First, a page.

Divemasters Should Ask 'Is Your Oxygen ON?'

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Dave1w

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No one is arguing that "tech" divers are so great they don't need risk mitigation strategies and 'help'.

Umpteen posts back I said:

That's enough if someone's determined to ask a pre-jump question.
Jump in with 0.7 PO2, has turned off. Swim hard to shotline…..
 

Wibble

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Jump in with 0.7 PO2, has turned off. Swim hard to shotline…..
Agreed. But its the special case where someone's not been breathing from the loop since turning the O2 on.

Was only trying to make the point that simply asking "is the O2 on" isn't enough. O2 on, dil off and you plummet breathing hyperoxic mix.
 

Wookie

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I guess you miss the point.

We all know that European and UK (same thing as far as we care) divers are far superior to all other divers, but the OP is located in the US, and in the US there is a certification for technical DM. Why? Because as you rightfully point out, a DM on a punter boat has no idea how to cater to a rebreather diver. So we actually train them to take care of punter rebreather divers who don’t know (yet) how to take care of themselves.

Be happy to live in a place where divers are born with the knowledge to take care of themselves and need no one to help watch over them.
 

Wibble

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I guess you miss the point.

We all know that European and UK (same thing as far as we care) divers are far superior to all other divers, but the OP is located in the US, and in the US there is a certification for technical DM. Why? Because as you rightfully point out, a DM on a punter boat has no idea how to cater to a rebreather diver. So we actually train them to take care of punter rebreather divers who don’t know (yet) how to take care of themselves.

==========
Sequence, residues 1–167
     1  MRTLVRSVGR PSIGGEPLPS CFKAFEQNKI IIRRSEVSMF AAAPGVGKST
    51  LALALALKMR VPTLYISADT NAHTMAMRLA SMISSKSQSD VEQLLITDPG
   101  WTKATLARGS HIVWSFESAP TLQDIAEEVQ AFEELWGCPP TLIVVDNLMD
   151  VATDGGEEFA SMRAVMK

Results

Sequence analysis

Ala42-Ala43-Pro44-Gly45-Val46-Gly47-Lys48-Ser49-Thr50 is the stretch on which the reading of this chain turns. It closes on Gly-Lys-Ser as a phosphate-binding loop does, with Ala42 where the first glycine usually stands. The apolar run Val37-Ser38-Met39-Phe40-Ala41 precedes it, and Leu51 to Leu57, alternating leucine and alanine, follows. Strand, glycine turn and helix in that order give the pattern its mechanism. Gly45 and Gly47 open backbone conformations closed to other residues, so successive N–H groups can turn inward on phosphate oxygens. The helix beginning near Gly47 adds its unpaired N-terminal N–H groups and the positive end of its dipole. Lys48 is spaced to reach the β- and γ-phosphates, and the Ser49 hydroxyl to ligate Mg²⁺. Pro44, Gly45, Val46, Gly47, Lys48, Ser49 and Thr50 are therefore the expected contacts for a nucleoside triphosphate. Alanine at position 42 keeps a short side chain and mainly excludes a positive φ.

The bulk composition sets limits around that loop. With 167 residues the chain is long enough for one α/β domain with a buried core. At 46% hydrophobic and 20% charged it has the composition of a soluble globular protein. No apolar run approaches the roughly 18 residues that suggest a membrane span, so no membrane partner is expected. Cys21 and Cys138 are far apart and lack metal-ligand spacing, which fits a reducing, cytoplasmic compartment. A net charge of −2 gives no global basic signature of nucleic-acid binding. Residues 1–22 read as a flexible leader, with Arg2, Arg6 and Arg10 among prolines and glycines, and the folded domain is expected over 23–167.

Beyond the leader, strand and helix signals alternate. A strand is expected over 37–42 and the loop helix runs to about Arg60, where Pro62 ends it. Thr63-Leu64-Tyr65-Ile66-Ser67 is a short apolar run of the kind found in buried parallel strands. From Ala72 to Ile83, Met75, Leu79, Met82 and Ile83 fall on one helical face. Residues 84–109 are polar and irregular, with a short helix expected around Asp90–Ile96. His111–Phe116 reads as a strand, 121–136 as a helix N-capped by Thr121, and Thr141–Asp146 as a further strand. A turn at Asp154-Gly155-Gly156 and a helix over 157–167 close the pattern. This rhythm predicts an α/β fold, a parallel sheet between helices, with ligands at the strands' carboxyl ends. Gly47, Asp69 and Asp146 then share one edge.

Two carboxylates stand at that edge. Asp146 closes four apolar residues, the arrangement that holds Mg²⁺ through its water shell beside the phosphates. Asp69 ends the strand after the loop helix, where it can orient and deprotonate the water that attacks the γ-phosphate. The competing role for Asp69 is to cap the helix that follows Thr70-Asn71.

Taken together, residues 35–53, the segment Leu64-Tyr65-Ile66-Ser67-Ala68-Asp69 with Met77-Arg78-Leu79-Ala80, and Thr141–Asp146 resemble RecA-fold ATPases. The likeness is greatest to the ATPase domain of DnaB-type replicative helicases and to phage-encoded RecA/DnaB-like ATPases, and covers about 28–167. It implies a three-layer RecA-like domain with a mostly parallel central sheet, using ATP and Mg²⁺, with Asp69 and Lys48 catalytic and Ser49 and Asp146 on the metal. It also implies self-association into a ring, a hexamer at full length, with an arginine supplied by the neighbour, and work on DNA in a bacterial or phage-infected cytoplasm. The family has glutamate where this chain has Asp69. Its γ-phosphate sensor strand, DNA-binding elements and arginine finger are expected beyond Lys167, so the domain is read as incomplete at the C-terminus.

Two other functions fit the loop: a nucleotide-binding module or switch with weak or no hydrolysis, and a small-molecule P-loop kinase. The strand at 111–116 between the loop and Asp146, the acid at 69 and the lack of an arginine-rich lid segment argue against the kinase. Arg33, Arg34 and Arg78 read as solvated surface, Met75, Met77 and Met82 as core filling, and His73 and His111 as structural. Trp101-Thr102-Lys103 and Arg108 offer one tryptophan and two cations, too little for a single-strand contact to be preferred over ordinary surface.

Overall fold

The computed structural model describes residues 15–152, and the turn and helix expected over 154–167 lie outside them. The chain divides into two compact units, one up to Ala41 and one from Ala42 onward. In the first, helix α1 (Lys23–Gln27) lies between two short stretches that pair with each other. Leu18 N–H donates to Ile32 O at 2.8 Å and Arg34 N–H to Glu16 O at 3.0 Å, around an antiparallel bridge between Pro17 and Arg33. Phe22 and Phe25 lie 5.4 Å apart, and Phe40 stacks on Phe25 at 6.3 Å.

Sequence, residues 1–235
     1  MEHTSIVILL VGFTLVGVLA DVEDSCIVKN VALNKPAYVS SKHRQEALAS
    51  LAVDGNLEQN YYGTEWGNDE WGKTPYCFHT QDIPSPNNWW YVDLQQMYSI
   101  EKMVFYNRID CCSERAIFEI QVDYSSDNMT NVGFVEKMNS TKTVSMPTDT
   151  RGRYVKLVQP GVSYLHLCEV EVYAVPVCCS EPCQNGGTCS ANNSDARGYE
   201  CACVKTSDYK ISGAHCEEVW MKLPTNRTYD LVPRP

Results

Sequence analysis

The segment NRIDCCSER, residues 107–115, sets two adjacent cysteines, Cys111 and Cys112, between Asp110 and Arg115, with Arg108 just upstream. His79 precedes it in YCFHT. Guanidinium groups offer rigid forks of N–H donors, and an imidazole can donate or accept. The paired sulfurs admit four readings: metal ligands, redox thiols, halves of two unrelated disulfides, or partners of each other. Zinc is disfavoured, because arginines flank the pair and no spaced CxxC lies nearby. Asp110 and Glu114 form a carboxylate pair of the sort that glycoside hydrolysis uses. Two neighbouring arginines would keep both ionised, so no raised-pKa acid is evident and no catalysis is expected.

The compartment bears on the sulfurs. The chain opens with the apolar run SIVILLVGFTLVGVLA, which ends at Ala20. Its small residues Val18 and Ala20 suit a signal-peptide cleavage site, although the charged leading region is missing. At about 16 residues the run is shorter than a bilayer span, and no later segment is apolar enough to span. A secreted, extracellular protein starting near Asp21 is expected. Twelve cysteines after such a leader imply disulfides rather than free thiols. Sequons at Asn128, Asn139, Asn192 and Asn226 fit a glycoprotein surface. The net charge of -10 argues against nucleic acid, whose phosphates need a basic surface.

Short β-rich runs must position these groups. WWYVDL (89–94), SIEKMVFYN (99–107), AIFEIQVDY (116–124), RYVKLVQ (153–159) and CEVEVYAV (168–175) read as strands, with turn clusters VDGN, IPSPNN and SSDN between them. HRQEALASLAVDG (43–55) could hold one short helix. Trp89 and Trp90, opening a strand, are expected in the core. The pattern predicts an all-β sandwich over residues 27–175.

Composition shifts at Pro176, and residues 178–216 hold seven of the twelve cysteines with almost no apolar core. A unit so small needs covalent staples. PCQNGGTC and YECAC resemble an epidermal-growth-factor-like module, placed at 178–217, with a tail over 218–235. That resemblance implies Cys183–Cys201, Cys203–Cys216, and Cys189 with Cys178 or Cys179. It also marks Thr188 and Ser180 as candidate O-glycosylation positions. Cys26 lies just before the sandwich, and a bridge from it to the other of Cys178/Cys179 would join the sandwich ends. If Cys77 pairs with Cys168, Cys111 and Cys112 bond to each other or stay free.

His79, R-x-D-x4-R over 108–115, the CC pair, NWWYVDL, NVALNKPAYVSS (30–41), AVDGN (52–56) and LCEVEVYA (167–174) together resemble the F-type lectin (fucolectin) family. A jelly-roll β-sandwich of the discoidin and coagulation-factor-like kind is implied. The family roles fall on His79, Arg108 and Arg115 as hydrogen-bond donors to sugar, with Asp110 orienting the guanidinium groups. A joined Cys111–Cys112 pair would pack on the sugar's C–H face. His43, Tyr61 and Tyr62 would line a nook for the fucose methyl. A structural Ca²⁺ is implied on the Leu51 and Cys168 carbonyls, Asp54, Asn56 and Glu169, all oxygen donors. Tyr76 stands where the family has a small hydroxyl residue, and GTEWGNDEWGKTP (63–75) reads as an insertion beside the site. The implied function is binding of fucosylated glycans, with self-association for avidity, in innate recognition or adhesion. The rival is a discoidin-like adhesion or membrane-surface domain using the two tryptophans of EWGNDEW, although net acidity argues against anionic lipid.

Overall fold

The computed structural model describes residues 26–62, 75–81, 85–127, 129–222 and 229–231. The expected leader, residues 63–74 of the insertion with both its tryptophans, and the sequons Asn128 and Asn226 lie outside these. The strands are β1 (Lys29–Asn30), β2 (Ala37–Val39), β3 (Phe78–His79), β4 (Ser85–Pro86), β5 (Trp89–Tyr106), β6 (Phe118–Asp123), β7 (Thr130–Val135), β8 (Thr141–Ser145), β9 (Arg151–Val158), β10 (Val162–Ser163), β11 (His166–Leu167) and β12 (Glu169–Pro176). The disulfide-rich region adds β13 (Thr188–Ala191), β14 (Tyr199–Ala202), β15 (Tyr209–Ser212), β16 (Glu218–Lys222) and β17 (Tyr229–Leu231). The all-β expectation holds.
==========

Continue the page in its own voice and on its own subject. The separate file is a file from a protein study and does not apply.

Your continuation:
It's about what you've said about the 'punter' boats.

Had no idea that there's a technical DM role. The traditional term of DM is so closely linked with the elephant agency where they actively persue simple diving and (generally) haven't a clue about technical diving, especially CCR.
 

Wookie

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It's about what you've said about the 'punter' boats.

Had no idea that there's a technical DM role. The traditional term of DM is so closely linked with the elephant agency where they actively persue simple diving and (generally) haven't a clue about technical diving, especially CCR.
Agreed, but here in the US (where we have to be concerned with lawsuits coming from every direction) we were required by our insurance company to have “a person of supervisory certification on the vessel to oversee all diving”. On an OC punter boat that’s a DM. On a tech boat, that’s a Tech DM minimum. As stated upthread, I hired a mod 3 rebreather instructor (for dives planned to 100m or shallower) as the vessel Diving Safety Officer, not to regulate the diving, but to tell me when someone planned something stupid. If we were planning dives in excess of 100m (our deepest sanctioned diving was 166m) we had an expedition instructor. That’s an IANTD cert. Again, not to regulate the diving, but to guide and oversee gas planning, support divers, etc.

Mostly in the name of satisfying the insurance company, and to let me know if someone was either planning or doing something stupid.
 

Wibble